How to elect the president
By Messenger Staff
Thursday, February 21According to the Georgian constitution, in October of 2013, the country has to elect a new president. The two terms of presidency for Saakashvili expired on January 20, though he continues to occupy the post for another nine months. However, in October this will finish. As such, there are many controversies that exist in the country– debates over who will run for president and how the elections will be held.
Historically, the president has been established in Georgia through a direct vote by the people. Recently however, a new idea has emerged that puts forth that the president should be elected by the parliament. This was initiated by the Republican Party. This model makes it very comfortable for the current Georgian Dream administration to select the desired candidate. Indeed the president elected by the parliament will certainly correspond to the new model of the president who through the constitutional amendments of 2010, was deprived of a large portion of powers and rights.
To implement such a change and the elect president via the parliament, yet other constitutional amendments are required. Here the Georgian Dream has problems. It could not accumulate enough votes among the parliament members to exercise a constitutional majority and the opposition UNM is categorically against changing the rules of the game. PM Ivanishvili even suggested holding a referendum or plebiscite about this issue, though no steps have been taken in this regard.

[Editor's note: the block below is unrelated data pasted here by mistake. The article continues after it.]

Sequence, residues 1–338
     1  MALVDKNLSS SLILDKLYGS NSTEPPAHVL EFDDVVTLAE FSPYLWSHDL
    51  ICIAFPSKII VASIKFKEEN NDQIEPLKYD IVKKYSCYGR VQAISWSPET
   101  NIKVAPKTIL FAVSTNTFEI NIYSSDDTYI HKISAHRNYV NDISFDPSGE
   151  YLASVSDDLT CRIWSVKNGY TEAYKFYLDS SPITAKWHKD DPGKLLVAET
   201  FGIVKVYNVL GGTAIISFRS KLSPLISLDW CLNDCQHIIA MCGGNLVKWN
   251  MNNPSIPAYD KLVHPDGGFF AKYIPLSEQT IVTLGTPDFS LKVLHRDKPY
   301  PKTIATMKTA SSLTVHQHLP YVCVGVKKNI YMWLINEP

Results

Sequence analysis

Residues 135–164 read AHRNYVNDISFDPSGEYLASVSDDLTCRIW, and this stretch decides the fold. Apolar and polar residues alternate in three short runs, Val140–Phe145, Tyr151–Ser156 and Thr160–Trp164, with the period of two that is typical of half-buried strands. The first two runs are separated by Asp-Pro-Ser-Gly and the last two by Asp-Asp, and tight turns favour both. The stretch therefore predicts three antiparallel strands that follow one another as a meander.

Actually this is a risky game because nobody knows how the people will respond to this question. Presumably, this presidential election will be held according to the existing norms, so the president will be elected by direct votes and the population will speak with their votes. So far neither of the leading political forces has revealed their choice. There was however, a mini scandal within the ruling party some weeks ago, when defense minister and the leader of the Free Democrats, Irakli Alasania, was criticized for discussing his presidential candidacy within the party. However, there is no discord within the ruling coalition and all the members repeat that they will have one united candidate for the presidency, though no names are known as of yet.
Similarly, no presidential candidate has been named from the UNM. Current Secretary General and former Minister of Interior, Vano Merabishvili and former chairman of the parliament, Davit Bakradze, are named among the candidates. However, there could be another public figure named as the UNM candidate for presidency.
Political figures from other parties also have some claims. For instance, the notorious leader from the Labour party, Shalva Natelashvili will run for sure. More serious claims are from the side of former chairperson of the parliament Nino Burjanadze, who wants to return to active politics. However, in the coming seven month before the official elections, there could be many changes to this list.
After all, this is Georgia...